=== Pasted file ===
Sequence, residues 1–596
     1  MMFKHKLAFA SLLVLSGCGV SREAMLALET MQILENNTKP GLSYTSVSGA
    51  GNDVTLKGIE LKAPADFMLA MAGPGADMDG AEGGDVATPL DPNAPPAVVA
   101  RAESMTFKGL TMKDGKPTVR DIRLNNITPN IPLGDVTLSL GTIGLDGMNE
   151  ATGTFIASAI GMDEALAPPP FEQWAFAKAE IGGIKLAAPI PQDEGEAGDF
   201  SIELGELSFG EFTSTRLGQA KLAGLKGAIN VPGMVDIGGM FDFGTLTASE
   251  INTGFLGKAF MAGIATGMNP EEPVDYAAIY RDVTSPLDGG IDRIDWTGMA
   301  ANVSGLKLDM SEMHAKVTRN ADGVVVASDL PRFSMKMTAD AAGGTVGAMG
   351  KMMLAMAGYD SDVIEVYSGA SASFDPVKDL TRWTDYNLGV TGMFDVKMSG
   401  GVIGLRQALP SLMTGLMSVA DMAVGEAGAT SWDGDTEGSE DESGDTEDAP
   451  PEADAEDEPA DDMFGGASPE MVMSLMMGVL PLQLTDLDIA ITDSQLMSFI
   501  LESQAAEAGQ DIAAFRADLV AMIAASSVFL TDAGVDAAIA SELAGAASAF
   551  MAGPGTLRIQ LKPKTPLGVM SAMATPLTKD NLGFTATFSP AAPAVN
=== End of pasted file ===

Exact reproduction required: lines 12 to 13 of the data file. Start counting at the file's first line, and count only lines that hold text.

   501  LESQAAEAGQ DIAAFRADLV AMIAASSVFL TDAGVDAAIA SELAGAASAF
   551  MAGPGTLRIQ LKPKTPLGVM SAMATPLTKD NLGFTATFSP AAPAVN